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What if the Cosmos is all that There Is?
by Daryl E. Witmer
Are you a materialist? Materialism (the philosophy) suggests that “physical matter is the only reality, and that everything-including thought, feeling, mind, and will, can all be explained in terms of matter and physical phenomena.”
Or perhaps you prefer the term naturalist. You believe that all can be explained in terms of natural causes and laws. Nothing has moral, spiritual, or supernatural significance.
Carl Sagan once said: “The cosmos is all there is, or was, or ever will be.”
Douglas Futuyma in Science on Trial: The Case for Evolution, says: “Some shrink from the conclusion that the human species was not designed, has no purpose, and is the product of mere mechanical mechanisms-but this seems to be the message of evolution.”
Richard Dawkins in The Blind Watch-maker: “Natural selection is the blind watchmaker, blind because it does not see ahead, does not plan consequences, has no purpose in view. Yet the living results of natural selection overwhelmingly impress us with the appearance of design as
if by a master watch-maker, impress us with the illusion of design and planning.”
Francis Crick in The Astonishing Hypothesis:
What if all this is true? What if the cosmos and the chemicals and the particles really are all that there is, and all that we are?
“If man has been kicked up out of that which is only impersonal by chance, then those things that make him man-hope of purpose and significance, love, motions of morality and rationality, beauty and verbal communication-are ultimately unfulfillable and thus meaningless.” -Francis Schaeffer in The God Who Is There
“Eventually materialist philosophy undermines the reliability of the mind itself-and hence even the basis for science. The true foundation of rationality is not found in particles and impersonal laws, but in the mind
“Can man live without God? Of course he can, in a physical sense. Can he live without God in a reasonable way? The answer to that is No!” -Ravi Zacharias, Can Man Live Without God
If you are an atheist, a materialist, a pantheist, or a naturalist, try to answer the following 12 questions:
1. “If all of life is meaningless, and ultimately absurd, why bother to march straight forward, why stand in the queue as though life as a whole makes sense?” -Francis Schaeffer, The God Who Is There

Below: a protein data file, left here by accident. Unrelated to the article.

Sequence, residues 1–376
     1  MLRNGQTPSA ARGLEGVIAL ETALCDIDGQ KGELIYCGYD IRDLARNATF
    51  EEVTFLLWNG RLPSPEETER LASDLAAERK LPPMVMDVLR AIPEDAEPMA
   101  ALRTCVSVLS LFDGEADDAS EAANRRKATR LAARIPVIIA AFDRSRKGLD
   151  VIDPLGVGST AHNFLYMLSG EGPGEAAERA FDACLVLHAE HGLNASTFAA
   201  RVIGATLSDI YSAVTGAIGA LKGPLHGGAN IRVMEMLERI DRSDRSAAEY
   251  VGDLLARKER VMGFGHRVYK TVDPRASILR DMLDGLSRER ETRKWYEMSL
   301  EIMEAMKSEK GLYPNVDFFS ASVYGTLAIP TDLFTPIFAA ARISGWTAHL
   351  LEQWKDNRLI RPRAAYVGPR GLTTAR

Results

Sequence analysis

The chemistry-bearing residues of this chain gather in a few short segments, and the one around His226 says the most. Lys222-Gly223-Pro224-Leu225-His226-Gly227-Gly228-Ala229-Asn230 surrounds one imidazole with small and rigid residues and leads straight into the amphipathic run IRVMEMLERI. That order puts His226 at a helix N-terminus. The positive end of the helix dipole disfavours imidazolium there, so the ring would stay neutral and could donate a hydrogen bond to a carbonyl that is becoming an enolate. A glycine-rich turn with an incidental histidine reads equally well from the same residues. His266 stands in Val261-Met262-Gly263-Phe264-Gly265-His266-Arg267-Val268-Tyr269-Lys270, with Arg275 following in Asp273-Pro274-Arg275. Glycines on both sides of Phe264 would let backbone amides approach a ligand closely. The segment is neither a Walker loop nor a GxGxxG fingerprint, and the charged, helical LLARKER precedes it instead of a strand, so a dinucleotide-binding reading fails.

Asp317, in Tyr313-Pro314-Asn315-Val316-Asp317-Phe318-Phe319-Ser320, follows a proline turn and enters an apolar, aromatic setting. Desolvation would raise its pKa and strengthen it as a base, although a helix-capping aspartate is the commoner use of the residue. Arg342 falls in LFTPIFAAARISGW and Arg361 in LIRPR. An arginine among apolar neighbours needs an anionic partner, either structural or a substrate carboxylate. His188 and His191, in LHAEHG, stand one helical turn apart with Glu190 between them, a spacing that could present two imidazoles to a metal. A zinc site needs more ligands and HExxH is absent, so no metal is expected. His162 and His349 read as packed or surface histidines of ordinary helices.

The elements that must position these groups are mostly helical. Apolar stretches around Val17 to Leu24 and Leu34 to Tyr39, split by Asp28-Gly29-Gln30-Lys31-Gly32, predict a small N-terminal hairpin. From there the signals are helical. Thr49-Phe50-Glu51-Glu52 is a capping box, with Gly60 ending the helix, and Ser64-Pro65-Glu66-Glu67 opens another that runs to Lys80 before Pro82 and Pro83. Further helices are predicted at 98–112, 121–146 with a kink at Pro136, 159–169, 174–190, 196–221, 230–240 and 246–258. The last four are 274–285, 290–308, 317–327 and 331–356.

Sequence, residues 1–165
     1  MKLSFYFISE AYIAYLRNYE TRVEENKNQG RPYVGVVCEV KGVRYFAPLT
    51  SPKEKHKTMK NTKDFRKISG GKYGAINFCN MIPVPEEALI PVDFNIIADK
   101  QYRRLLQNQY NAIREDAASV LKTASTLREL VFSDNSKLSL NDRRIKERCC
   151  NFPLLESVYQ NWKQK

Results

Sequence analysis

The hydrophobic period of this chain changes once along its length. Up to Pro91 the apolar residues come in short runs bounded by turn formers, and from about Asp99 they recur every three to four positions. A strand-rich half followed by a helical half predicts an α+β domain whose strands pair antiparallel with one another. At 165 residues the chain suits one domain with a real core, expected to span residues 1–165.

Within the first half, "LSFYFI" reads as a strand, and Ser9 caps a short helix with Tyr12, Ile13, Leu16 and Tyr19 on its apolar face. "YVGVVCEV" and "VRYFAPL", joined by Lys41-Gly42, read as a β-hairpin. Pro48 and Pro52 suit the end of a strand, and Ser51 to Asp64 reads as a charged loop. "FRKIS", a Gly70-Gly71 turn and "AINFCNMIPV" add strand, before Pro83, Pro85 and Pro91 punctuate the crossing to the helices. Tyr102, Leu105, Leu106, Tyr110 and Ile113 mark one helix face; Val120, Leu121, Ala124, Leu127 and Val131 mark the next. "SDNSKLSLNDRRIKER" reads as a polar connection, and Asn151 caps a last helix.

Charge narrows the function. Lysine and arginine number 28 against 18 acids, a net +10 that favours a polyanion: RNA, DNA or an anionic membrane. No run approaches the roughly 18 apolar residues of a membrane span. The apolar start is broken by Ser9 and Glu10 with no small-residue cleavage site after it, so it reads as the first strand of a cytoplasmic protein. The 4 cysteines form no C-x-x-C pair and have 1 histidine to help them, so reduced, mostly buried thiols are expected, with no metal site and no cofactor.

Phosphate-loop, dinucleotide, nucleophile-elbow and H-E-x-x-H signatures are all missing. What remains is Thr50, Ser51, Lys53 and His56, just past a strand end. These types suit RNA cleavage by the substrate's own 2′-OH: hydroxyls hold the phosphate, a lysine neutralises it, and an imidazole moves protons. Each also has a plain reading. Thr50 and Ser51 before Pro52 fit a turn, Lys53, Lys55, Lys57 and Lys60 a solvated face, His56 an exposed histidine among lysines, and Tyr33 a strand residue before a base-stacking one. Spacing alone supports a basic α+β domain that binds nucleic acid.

2. If everyone completely passes out of existence when they die, what ultimate meaning has life? Even if a man’s life is important because of his influence on others or by his effect on the course of history, of what ultimate significance is that if there is no immortality and all other lives, events, and even history itself is ultimately meaningless?
4. Suppose the universe had never existed. Apart from God, what ultimate difference would that make?
5. In a universe without God or immortality, how is mankind ultimately different from a swarm of mosquitoes or a barnyard of pigs?
6. What viable basis exists for justice or law if man is nothing but a sophisticated, programmed machine?
7. Why does research, discovery, diplomacy, art, music, sacrifice, compassion, feelings of love, or affectionate and caring relationships mean anything if it all ultimately comes to naught anyway?
8. Without absolute morals, what ultimate difference is there between Saddam Hussein and Billy Graham?
9. If there is no immortality, why shouldn’t all things be permitted? (Dostoyevsky)
10. If morality is only a relative social construct, on what basis could or should anyone ever move to interfere with cultures that practice apartheid, female circumcision, cannibalism, or ethnic cleansing?
11. If there is no God, on what basis is there any meaning or hope for fairness, comfort, or better times?
12. Without a personal Creator-God how are you anything other than the coincidental purposeless miscarriage of nature, spinning round and round on a lonely planet in the blackness of space for just a little while before you and all memory of your futile, point-less, meaningless life finally blinks out forever in the endless darkness?
NOTE: Many, but not all, of the preceding questions are paraphrased versions of those posed by William Lane Craig in his book Reasonable Faith, chapter 2, The Absurdity of Life Without God.